Whether you’re finishing up school and trying to plan for your future or you’re thinking about switching careers, the focus doesn’t have to be only on how much money you’ll make. In order to have a high quality of life, sometimes it’s better to think more about a career that’s a good fit for your personality or at least make that part of the equation.
Even if you make a high salary, if you go to work and are miserable every day because your job isn’t a good fit for you on a personal level, it may not be worth the money you make.
There are jobs you might not even think about until you start considering your personality. For example, if you’re an introvert who enjoys being alone, maybe you explore trucking jobs. If you’re an extrovert and you thrive when you’re with people, maybe you think about something such as sales.
In general, the following are some things to keep in mind when it comes to finding a career field that’s a good fit for your personality.
Take a Test
It may sound silly, but there are a lot of tests out there that can help you figure out a career that may be best for you.
Some of these career tests can actually be really helpful as you figure out what’s right for you, and sometimes, more importantly, what’s not right for you.
One of the best options is taking a Career Personality Test, which has a series of questions to determine more about your personal characteristics and helps you choose a suitable career.
You may want to have certain characteristics or see yourself in a particular way, but that doesn’t necessarily match reality. It’s important to think honestly about your personality characteristics.
There are certain personality types that are usually on tests, and these include:
- Builders: These people are more realistic, and they like to work with their environment and use their hands. However, the building doesn’t just mean construction. For example, a builder might enjoy working as a chef because you are still working with your hands and being realistic.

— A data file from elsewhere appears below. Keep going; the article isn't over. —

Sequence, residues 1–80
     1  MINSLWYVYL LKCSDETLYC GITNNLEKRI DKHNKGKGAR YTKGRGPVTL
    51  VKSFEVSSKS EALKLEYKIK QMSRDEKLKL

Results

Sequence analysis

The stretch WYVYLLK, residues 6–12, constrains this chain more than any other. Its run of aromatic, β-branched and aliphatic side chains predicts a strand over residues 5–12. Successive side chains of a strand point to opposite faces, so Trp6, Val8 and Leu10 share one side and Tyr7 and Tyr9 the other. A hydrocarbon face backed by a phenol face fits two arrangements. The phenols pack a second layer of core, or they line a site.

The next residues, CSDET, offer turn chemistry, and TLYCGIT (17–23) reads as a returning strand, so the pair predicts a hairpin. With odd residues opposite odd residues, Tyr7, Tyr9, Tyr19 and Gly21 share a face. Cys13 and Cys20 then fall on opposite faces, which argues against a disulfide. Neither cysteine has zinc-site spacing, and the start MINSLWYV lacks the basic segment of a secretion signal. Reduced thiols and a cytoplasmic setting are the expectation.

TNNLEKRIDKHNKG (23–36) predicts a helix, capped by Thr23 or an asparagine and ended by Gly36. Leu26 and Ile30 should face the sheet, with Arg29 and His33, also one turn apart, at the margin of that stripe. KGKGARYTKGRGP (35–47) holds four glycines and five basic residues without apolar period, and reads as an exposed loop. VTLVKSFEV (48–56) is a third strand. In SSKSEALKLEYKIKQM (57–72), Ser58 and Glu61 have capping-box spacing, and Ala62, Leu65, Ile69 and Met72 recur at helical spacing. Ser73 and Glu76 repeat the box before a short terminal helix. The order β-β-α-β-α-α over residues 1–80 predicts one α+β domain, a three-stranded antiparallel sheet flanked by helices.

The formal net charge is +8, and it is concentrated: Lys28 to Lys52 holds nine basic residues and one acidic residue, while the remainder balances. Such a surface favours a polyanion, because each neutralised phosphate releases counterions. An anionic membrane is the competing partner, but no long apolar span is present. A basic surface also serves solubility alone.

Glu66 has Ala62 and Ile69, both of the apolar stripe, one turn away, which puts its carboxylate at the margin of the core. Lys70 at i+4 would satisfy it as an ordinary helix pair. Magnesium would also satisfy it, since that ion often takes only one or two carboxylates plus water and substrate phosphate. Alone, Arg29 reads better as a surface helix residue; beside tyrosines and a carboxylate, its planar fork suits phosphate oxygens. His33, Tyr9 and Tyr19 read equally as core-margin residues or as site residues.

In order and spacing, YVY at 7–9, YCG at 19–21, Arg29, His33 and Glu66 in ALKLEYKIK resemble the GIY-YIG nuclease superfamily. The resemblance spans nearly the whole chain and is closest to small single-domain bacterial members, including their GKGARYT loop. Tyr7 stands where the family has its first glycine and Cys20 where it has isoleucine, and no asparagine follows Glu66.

- Thinkers: Thinkers are those people that like logical tasks and dealing with theoretical situations, such as doctors and psychologists.
- Helpers: For people who like working in teams and enjoy building relationships and also these connections they have with people, there is the helper category. Helpers may work well in roles that require a lot of interaction and cooperation, such as teaching, but things like sales and management can also fall into this category.
Another way personalities are sometimes broken into categories are the driver, the analytical type, the expressive type, and the amiable personality.
A driver is bold and driven by a need and desire for success and accomplishment, but this can come off as rude, so certain situations such as customer service may not be a good fit for you.
These certainly aren’t all of the personality types but are some of the core types to help you better understand where you might fit.
Look Beyond Your Passion
Sometimes career advice follows the adage that you should do what you’re passionate about. That doesn’t always work out well, however. Sometimes your passion simply isn’t going to provide a way for you to make a living. Other times, if you follow your passion for your career, it may destroy the joy it brings to you.
Instead of thinking about your passion, which you might keep for a hobby, think about what interests, engages, and energizes you but is also sustainable. Sustainable means that someone will pay you to do it, and pay you enough that you can support yourself.
You also have to think about what you’re likely to be good at, because what you love and what you’re good at might not be one and the same.
If you think you have an idea of a role that might work well for your personality, try to speak to someone who does it first. Get a feel for the downsides and what happens behind the scenes before you glamorize a job too much.
You should also bear in mind that you need to research to make sure that the career outcomes are suitable for you.
Finding a job for your personality is about deciding on something that you’ll enjoy, and that’s a good fit for you, but also being realistic in doing so. You want to enjoy what you do, but you also want it to achieve what a job should achieve—helping you earn a living.